This is an interesting collection of articles that deserves some general comments. It surely isn't meant to discuss flat earth theories. Intelligent design should be seen most of all as a legitimate conclusion derived from the application to nature of generally accepted means to detect design everywhere else. ~
One should notice the deliberate attempt to link the intelligent design movement with creationism. This attempt is misguided at least for three reasons:
1) it ignores that for many theistic evolutionists, evolutionism is also a form of creationism, since they believe that God created matter and life and then put the evolutionary process in motion. So why not speak also of evolutionistic creationism? Evolutionists have not yet provided a convincing case of spontaneus generation of matter and life, from nothing and non-life respectively;
2) it ignores the fact that the intelligent design movement is very different from biblical creationism, since it doesn't start from the biblical model of creation / fall / curse / flood / Babel / etc., but merely attempts to detect design when it sees irreducible complexity or complex specified information, by means of generally accepted ways (v.g explanatory filters) of detecting and measuring design in multiple fields of life. If matter shows indeed signs of design, it is unscientific not to account for those signs. There is no truly scientific a priori requirement to keep turning our heads pretending we just don't see design in nature.
3) it assumes that biblical creationism is all about religion and not about science. One has only to read Gish, Morris, Humpreys, Ham, Safarti, among many others, to realize that this assumption is false. The biblical model starts with clear religious assumptions, states them openly (many evolutionists have for decades tried to hide their anti-religious naturalistic agenda, without success, builds a model that interpretes the facts consistently, makes predictions and draws on the various internal contradictions of evolutionary theory (v.g. molecules v. fossils; arboreal v. cursorial; regional v. out of Africa). In fact, it must be said that after books from non creationist authors such as Werner Gitt, William Dembski, Michael Denton, Michael Behe and Lee Spetner, just to quote a few, biblical creationism has been much reinforced.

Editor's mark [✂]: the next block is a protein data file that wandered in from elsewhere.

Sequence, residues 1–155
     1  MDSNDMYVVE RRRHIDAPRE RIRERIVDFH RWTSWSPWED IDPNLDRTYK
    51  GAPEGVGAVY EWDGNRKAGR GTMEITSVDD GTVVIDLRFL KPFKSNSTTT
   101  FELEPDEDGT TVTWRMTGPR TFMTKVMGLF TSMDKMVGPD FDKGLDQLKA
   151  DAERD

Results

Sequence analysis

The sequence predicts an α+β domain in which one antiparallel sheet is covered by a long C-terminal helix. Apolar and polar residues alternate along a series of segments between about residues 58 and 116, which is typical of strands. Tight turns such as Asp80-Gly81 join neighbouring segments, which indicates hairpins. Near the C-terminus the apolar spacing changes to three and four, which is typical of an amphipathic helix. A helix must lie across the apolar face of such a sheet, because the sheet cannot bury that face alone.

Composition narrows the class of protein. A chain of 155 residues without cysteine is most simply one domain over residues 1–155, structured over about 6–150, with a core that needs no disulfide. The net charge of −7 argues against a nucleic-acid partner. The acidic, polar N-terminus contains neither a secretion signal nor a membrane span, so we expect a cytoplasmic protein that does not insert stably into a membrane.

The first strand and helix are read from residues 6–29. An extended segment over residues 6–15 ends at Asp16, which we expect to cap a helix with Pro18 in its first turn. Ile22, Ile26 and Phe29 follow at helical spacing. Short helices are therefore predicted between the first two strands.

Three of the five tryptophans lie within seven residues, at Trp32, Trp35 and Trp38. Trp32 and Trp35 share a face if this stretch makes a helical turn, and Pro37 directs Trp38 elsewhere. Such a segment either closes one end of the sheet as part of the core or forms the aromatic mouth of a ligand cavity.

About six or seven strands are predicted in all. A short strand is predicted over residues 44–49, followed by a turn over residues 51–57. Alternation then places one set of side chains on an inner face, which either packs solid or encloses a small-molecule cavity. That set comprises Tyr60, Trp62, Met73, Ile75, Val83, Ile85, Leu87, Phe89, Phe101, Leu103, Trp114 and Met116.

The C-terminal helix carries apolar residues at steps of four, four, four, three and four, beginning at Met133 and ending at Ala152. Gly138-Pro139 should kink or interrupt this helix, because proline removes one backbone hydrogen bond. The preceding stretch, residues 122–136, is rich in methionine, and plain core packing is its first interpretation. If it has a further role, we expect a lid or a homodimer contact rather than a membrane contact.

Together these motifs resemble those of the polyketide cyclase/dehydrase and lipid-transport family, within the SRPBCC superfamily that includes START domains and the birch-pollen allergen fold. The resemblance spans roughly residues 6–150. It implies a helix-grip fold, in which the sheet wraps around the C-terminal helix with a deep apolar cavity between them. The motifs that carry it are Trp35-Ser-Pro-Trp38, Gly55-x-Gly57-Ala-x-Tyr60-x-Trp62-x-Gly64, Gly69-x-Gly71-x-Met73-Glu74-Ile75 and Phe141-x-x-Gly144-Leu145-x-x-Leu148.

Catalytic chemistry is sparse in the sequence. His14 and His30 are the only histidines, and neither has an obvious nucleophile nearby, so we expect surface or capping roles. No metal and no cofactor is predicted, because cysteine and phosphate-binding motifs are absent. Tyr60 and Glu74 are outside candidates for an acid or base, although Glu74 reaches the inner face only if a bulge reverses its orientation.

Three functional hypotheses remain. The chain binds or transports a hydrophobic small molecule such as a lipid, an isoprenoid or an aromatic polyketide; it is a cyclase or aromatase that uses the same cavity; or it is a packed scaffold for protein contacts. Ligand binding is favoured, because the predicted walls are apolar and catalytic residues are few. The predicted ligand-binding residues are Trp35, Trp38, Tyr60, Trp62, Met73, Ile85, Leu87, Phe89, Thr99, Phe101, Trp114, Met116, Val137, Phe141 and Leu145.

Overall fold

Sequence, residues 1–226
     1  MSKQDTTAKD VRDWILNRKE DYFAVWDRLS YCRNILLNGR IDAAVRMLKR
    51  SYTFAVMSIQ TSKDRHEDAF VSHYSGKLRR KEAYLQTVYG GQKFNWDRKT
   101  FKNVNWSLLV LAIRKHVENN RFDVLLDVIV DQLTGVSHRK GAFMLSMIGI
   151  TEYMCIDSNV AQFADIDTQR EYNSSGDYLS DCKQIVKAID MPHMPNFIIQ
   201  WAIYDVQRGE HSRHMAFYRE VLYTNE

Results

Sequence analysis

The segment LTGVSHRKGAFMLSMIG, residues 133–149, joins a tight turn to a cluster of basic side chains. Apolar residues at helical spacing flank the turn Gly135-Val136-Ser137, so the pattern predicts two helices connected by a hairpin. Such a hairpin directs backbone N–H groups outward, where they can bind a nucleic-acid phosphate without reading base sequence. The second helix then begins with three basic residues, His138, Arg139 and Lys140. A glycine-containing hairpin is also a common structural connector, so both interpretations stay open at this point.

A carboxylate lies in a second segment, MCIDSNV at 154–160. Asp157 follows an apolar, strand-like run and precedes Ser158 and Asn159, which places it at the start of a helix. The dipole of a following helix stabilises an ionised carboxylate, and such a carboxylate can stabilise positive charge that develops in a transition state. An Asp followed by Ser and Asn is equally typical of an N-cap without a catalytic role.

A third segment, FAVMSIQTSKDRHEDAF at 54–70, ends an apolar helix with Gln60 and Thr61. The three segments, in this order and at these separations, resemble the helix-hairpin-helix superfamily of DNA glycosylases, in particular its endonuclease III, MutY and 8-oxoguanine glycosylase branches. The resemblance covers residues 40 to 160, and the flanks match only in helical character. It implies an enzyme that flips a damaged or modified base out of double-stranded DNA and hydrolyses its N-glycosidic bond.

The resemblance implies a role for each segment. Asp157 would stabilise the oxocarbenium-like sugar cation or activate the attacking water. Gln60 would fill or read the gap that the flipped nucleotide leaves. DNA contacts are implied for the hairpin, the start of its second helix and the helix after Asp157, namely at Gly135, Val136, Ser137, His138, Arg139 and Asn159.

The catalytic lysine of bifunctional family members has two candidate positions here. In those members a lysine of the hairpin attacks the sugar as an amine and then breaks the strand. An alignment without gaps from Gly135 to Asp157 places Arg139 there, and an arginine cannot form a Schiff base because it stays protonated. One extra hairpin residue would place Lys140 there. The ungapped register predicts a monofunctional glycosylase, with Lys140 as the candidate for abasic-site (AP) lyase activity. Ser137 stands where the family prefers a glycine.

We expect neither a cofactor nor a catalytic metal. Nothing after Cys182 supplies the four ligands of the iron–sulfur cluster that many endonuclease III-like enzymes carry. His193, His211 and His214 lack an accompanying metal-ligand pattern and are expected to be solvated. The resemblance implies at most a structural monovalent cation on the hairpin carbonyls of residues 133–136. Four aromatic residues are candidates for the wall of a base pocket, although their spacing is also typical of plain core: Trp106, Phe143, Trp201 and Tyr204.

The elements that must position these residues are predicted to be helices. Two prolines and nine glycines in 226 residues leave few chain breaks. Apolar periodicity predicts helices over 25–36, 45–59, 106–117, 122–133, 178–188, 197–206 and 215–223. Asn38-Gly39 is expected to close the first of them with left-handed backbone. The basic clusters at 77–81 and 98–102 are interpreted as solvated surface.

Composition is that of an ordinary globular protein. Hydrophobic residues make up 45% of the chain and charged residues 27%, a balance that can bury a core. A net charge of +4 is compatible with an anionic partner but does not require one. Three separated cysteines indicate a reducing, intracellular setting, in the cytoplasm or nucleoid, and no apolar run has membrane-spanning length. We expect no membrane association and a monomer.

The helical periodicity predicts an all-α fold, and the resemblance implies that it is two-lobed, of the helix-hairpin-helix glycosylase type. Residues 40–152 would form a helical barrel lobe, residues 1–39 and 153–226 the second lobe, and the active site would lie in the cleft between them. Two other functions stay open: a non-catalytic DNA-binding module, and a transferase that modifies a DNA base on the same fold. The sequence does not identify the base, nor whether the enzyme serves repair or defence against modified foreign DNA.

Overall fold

Pennocks' book shows articles by authors such as Philip Johnson, Michael Behe and William Dembski. Richard Dawkins insists on his bluff of an "intelectually fulfilling atheism" (autism?), without resolving his dead end debate with Steven Jay Gould. At the same time, some articles discuss the alleged shortcommings of biblical creationism, by focusing on the "manipulative" debating technics of Duane Gish and the ICR, a convenient charge when one is not able to respond to Gish. To the authors of this criticism I just say: please just try to answer convincingly the various creationists' true arguments, and not some "straw man" versions of them. Scientific debate would much benefit from that attempt.
The alleged difficulties of the Flood (v.g. dispersion; rapid speciation), pointed out in the book, have been answered persuasively by creationists, much earlier then this book, even using arguments of Ernst Mayr and some experiences made by Darwin himself on snails and seeds. Before discounting the Flood, modern science should humbly remember that if we were only to trust its explanatory models and predictions the Pyramids would be an historical impossibility. But there they are, for all to see, still driving evolutionary scientists crazy after all these years. So are the evidences of creation, curse and flood. They just won't go away. That's why creationism will always remain with us. In fact, I'm glad it will, in the name of science, because most ot the most daring challgenges to evolutionary theories have come from creationists, and so far, science has only proved them right.